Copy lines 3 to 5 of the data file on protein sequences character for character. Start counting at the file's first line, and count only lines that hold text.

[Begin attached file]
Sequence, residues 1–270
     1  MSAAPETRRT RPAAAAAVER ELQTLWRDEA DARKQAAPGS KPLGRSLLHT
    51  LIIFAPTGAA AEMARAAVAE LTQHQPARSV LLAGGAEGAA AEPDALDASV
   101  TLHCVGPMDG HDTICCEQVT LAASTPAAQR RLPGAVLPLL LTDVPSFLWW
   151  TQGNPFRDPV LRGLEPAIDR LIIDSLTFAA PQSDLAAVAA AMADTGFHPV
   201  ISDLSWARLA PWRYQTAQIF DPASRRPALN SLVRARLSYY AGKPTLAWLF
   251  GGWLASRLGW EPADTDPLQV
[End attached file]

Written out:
    51  LIIFAPTGAA AEMARAAVAE LTQHQPARSV LLAGGAEGAA AEPDALDASV
   101  TLHCVGPMDG HDTICCEQVT LAASTPAAQR RLPGAVLPLL LTDVPSFLWW
   151  TQGNPFRDPV LRGLEPAIDR LIIDSLTFAA PQSDLAAVAA AMADTGFHPV